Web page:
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The Last Word Comment


Helping or ‘helping’ debtors in Croatia


A newly-introduced personal bankruptcy law is aiming to help Croatian debtors to get back on their feet after the recession


Zoran Bohacek Managing director, The Croatian Banking Association zoran.bohacek@inet.hr


Croatia is only now, after seven years of lingering recession, showing signs of economic recovery. One consequence has been a significant increase in paying bills and loans by instalments. During the recession, ever more utilities –


particularly telecoms – bills and even taxes were paid late, if at all. This resulted in blocking accounts for consumers when collection efforts were unsuccessful, making it even more difficult for customers to get out of financial trouble. Most of them were not irresponsible


consumers, but, with loss of jobs and reduced salaries for some, they simply did not have sufficient revenues to continue spending the same way as before. One of the remedies is the newly-


introduced personal bankruptcy law. Such a law did not previously exist in Croatia – where a continental legal environment exists – meaning that, if the entire debt was not covered even after the sale of the debtor’s property, the debtor still owed the balance. For someone without assets or a job, the chances were very bleak. After many years of annoucements and


almost two years of active discussions in a working group brought together by the Ministry of Justice – where banks were represented – the law took final shape. After all the preparations have been completed, it should help those with no alternatives. The procedure will, firstly, try to find a


solution via a pre-bankruptcy procedure, and if that does not succeed, a judge will declare the consumer bankrupt and dispose of their assets, while leaving them a small part of their income to live on.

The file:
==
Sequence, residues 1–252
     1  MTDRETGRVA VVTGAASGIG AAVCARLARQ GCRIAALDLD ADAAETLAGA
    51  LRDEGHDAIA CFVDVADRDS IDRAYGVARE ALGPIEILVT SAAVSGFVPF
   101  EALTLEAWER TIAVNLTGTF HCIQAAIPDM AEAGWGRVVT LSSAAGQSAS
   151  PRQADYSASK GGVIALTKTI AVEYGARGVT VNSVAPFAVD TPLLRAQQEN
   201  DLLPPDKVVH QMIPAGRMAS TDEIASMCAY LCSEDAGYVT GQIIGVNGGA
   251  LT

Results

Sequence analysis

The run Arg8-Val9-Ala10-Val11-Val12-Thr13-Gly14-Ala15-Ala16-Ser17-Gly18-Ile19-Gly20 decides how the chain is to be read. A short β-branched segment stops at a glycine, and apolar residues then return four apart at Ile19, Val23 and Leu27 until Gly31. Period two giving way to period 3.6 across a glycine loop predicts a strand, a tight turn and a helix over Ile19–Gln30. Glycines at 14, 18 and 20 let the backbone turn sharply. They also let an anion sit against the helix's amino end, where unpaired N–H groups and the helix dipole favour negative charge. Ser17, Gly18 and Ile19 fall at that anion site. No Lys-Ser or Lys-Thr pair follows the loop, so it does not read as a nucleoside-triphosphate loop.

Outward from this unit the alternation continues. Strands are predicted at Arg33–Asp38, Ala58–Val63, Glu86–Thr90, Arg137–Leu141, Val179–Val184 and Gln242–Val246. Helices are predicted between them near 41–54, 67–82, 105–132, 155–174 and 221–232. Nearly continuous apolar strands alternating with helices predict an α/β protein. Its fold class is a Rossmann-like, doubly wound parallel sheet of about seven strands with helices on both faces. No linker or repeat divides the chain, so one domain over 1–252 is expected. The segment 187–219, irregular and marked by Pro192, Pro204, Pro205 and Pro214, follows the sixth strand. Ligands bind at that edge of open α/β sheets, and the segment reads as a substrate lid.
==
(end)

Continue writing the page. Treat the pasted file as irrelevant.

50 www.CCRmagazine.co.uk In the next five-year period, the remainder


of their income and proceeds of forced sale, if any, will repay the creditors proportionally. If a consumer is behaving according to the rules, after that period they will be cleared of all remaining debts and have a chance to start again and regain their financial independence. Another debt-relief project was completed


at the end of July. At the initiative of the Ministry of Social Policy and Youth, a voluntary, one-off agreement was signed with numerous creditors from both the private and public sectors. The rules were that a ‘private’ debt – mainly owed to banks and telecoms creditors – totalling less than €1,315 and ‘public’ debt – taxes, electricity, and television – of up to €3,300 would be written off if a debtor fulfilled strict criteria. In the first group, there were recipients of


If a consumer is behaving according to the rules, after five years they will be cleared of all remaining debts and have a chance to start again and regain their financial independence


welfare payments, who had been previously checked to ensure that they qualified, and, in the second group, were all consumers who did not have other property, cars or bank deposits and had a below-minimum income per capita. A total number of 60,000 debtors was


hoped for at the beginning, but less than 13,000 debts were written off. From the first group, most eligible consumers profited from the offer, but most of the others obviously did have other assets and knew they would not qualify. The entire project was a bit controversial


because it sent the wrong message to those who were struggling but paying. However, as a social measure it was accepted by the creditors, although alternative solutions were mentioned, partially modelled on UK or Irish regulations. CCR


October 2015


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